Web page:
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Karri (Western Blue Gum)
Wood Flooring Species
Other Names and Species:
Western Blue Gum
Western Australia and South Africa
The sapwood of karri is whitish while the heartwood is pale pink to a reddish brown in color. The species has an interlocked grain and is moderately coarse in texture.
Karri has a natural resistance to decaying. The wood is reported to have no discernable odor. Karri is very difficult to dry properly due to its tendency to check or warp when the process is rushed. This particular species has a propensity to move over time with changes in temperature and humidity, and as such should be used in areas with a stable climate.
Janka Hardness: 2030
As a flooring option, karri is a very hard and durable wood. It is forty percent harder than hard maple, a little bit more than fifty-seven percent harder than red oak, just over ninety-two percent as hard as santos mahogany’s ranking of 2200, and is just over eighty-six percent as hard as Brazilian cherry.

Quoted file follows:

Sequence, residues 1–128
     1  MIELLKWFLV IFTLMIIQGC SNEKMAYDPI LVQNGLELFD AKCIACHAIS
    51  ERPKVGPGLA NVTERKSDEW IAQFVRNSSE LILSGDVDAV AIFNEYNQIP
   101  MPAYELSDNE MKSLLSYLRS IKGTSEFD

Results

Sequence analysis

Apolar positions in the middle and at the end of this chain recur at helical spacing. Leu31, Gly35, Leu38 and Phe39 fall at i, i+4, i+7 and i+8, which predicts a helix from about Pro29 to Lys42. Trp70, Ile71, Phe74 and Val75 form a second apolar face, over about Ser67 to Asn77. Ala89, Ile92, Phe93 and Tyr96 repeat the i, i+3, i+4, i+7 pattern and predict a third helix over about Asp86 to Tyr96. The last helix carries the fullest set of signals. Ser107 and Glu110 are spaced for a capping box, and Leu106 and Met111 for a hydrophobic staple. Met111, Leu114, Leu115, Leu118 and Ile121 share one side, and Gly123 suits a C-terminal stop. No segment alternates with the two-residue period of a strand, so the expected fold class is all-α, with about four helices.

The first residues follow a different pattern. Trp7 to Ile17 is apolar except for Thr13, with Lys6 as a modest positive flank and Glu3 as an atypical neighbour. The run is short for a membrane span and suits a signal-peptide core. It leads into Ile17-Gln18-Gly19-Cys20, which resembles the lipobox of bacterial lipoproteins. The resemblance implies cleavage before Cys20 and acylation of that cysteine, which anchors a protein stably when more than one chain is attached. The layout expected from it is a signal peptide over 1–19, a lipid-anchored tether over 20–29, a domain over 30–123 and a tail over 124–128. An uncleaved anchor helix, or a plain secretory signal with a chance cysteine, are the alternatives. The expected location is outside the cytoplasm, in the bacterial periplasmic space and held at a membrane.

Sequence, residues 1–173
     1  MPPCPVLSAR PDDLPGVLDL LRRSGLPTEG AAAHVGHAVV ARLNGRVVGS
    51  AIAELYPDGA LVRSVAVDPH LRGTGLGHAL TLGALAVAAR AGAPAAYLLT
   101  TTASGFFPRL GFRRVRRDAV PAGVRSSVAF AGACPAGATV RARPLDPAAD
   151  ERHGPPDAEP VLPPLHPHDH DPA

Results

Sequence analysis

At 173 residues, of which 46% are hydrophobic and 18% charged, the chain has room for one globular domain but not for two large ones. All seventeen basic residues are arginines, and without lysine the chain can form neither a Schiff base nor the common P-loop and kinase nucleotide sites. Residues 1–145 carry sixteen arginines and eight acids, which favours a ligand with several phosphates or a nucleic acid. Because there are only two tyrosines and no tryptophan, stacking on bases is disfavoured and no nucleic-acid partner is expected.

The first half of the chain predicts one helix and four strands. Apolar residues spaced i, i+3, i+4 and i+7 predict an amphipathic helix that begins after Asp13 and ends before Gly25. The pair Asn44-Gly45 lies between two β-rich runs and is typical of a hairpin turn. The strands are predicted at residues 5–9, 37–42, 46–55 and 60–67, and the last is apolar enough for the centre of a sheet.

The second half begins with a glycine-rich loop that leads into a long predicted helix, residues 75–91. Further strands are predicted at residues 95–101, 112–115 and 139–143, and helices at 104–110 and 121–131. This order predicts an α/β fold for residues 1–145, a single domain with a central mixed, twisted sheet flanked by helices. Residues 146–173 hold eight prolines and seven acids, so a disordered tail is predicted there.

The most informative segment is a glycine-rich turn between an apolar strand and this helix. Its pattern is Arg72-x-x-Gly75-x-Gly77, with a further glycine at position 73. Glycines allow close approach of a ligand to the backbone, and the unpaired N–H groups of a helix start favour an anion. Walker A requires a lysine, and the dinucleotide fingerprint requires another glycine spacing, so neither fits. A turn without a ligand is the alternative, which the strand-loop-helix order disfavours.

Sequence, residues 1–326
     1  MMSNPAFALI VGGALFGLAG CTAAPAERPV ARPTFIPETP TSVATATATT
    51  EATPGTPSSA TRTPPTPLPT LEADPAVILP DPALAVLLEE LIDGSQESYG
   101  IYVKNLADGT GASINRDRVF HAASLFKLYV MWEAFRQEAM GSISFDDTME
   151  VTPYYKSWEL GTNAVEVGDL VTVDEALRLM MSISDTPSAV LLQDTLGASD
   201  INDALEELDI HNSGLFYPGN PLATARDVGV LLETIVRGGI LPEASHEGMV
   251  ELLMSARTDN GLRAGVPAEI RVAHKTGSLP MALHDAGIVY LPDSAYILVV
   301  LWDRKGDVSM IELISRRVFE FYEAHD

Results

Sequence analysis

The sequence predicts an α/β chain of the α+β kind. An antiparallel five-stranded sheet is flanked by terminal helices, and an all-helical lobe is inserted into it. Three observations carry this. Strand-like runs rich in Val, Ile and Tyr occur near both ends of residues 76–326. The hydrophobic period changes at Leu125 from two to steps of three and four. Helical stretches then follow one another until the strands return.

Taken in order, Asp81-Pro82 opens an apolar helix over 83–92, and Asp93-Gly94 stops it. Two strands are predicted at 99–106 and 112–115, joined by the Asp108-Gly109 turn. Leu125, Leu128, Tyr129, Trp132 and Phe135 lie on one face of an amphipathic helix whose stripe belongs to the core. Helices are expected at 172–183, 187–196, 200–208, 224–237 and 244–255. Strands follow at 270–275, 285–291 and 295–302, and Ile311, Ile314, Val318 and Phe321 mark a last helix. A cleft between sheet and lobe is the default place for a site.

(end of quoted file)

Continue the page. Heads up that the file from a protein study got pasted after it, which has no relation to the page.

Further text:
Karri can dull cutting tools rather easily and as such can pose some difficulty when sawing. Nail installation requires holes to be pre-bored beforehand. Glue holds somewhat well with karri flooring. This wood requires some effort to sand properly but yields a good polish.
Karri’s uses include framing, shipbuilding, plywood, and joinery.
Learn more about available grades of
Karri hardwood flooring »